This intense focus on creating a context for the products confuses me just about as much as the context itself.  I know what the ads in women’s magazines are trying to express-they’re attempting to make us feel uncomfortable and insecure about our bodies and beauty so that we will continue buying their products and the magazines. I don’t know what the hell the GQ ads are trying to do. Maybe you men out there can help me. Do you buy these magazines? What do you think about the advertising? And what is the point of the dog?

How to Love Editing Your Novel, Part Two

So, you’ve let your first draft compost for however long your brain needs to gain some emotional distance from it. Now the hard stuff begins. Many writers, myself included, get so caught up in the creative phase of writing that when we need to put our editor hats on, it feels like a poor fit.

But I had to teach myself to love revising. Fortunately, I love puzzles and challenges, so I transferred that skill set over to my editing. What I also find important is to draw the distinction between creating and editing. Albert Einstein once said that you can’t solve a problem with the same mind that created it. The writer mind is interested in creation and doesn’t want to revise, not one lovely adjective of it. The editor mind slashes things up with a red pen. To make it easier to get to that place, you may want to try some of these techniques.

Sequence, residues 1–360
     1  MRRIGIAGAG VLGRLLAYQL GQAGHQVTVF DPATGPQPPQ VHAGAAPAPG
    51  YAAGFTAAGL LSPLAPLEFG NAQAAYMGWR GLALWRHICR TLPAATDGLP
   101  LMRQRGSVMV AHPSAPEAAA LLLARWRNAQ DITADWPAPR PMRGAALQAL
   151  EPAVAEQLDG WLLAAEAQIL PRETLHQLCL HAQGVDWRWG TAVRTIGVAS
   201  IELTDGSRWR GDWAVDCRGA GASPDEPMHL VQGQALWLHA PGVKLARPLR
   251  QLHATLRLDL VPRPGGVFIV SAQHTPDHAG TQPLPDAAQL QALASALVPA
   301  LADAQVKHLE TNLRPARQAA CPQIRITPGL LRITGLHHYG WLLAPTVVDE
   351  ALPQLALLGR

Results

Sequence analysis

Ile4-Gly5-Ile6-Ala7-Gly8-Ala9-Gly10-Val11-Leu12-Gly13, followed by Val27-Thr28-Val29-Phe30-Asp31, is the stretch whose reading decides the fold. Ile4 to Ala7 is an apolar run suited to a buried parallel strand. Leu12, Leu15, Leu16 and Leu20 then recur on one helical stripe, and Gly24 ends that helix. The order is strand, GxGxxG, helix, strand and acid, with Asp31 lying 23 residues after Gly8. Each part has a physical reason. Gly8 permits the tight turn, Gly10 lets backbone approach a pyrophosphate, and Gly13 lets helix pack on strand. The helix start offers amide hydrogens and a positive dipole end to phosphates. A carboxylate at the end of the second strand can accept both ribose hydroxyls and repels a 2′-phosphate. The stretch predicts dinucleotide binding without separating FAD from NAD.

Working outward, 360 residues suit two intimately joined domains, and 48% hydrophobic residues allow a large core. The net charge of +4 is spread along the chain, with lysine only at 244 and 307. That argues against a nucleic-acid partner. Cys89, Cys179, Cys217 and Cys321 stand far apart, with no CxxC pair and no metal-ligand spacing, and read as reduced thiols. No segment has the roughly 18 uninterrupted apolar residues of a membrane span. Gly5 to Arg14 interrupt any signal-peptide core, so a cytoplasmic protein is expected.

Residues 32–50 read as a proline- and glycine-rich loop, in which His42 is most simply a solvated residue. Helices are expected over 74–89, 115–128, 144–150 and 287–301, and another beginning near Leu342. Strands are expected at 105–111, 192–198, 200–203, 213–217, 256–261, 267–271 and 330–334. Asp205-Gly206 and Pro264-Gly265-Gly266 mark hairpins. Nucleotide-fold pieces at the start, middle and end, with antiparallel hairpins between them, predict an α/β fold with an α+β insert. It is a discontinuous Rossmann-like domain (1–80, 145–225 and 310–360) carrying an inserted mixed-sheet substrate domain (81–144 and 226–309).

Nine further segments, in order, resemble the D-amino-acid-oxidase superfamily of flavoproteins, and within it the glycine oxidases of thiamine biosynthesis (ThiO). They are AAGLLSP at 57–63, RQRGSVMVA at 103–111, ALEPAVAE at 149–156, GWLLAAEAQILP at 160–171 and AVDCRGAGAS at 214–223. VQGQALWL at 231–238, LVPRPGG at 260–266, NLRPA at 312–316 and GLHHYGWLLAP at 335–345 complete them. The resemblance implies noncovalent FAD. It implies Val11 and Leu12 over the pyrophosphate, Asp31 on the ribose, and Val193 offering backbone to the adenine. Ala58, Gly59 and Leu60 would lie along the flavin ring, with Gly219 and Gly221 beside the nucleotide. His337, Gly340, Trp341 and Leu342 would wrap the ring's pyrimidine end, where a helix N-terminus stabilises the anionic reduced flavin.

Note: Everyone’s got a different style of working, and your actual mileage may vary. So I can’t presume that this series of suggestions is anything more than that. But it works for me. If you’re having trouble getting started editing a manuscript, maybe this is something you’ll want to try.

1. Read a printed copy of your manuscript all the way through. Some people are very handy with tracking comments in their Word documents, but I need to have paper in front of me so I can scribble all over it and see everything all at once. Incorporate any notes you might have gotten from writing group members or critique partners. Jot down anything that comes to mind as you read-research needed, facts to be checked, or inconsistencies. This is the working manual of your manuscript. Keeping everything in one place goes a long way toward preventing squirrel brain. This is also the playground of anyone who loves scrapbooking, colored markers and those little bitty fluorescent sticky notes. Go to town. Don’t stress about catching every single dangling modifier or misplaced comma. That’s why we do subsequent drafts.